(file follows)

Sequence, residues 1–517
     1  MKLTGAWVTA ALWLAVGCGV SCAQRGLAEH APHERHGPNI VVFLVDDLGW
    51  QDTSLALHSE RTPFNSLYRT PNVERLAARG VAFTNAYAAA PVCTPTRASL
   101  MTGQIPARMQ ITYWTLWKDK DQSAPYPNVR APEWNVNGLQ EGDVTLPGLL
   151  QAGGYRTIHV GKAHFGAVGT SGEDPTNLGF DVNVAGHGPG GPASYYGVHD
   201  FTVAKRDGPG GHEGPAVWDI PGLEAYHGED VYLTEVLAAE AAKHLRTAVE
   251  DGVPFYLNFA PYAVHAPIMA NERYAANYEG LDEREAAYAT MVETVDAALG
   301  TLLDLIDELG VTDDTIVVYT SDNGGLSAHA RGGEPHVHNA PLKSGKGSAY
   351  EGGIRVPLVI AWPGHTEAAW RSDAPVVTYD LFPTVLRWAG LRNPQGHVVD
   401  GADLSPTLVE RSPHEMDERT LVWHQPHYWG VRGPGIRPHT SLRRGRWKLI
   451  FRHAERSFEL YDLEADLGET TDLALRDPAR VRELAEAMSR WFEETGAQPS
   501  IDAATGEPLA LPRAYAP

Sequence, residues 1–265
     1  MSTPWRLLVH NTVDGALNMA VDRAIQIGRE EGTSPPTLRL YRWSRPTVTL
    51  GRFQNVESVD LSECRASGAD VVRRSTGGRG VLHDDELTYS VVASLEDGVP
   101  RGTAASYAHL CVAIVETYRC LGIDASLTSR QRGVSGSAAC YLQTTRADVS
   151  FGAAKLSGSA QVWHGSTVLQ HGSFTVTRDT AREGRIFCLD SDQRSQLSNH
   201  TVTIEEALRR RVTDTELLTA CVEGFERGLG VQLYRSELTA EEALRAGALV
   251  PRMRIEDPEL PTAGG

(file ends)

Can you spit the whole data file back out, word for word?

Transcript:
Sequence, residues 1–517
     1  MKLTGAWVTA ALWLAVGCGV SCAQRGLAEH APHERHGPNI VVFLVDDLGW
    51  QDTSLALHSE RTPFNSLYRT PNVERLAARG VAFTNAYAAA PVCTPTRASL
   101  MTGQIPARMQ ITYWTLWKDK DQSAPYPNVR APEWNVNGLQ EGDVTLPGLL
   151  QAGGYRTIHV GKAHFGAVGT SGEDPTNLGF DVNVAGHGPG GPASYYGVHD
   201  FTVAKRDGPG GHEGPAVWDI PGLEAYHGED VYLTEVLAAE AAKHLRTAVE
   251  DGVPFYLNFA PYAVHAPIMA NERYAANYEG LDEREAAYAT MVETVDAALG
   301  TLLDLIDELG VTDDTIVVYT SDNGGLSAHA RGGEPHVHNA PLKSGKGSAY
   351  EGGIRVPLVI AWPGHTEAAW RSDAPVVTYD LFPTVLRWAG LRNPQGHVVD
   401  GADLSPTLVE RSPHEMDERT LVWHQPHYWG VRGPGIRPHT SLRRGRWKLI
   451  FRHAERSFEL YDLEADLGET TDLALRDPAR VRELAEAMSR WFEETGAQPS
   501  IDAATGEPLA LPRAYAP

Sequence, residues 1–265
     1  MSTPWRLLVH NTVDGALNMA VDRAIQIGRE EGTSPPTLRL YRWSRPTVTL
    51  GRFQNVESVD LSECRASGAD VVRRSTGGRG VLHDDELTYS VVASLEDGVP
   101  RGTAASYAHL CVAIVETYRC LGIDASLTSR QRGVSGSAAC YLQTTRADVS
   151  FGAAKLSGSA QVWHGSTVLQ HGSFTVTRDT AREGRIFCLD SDQRSQLSNH
   201  TVTIEEALRR RVTDTELLTA CVEGFERGLG VQLYRSELTA EEALRAGALV
   251  PRMRIEDPEL PTAGG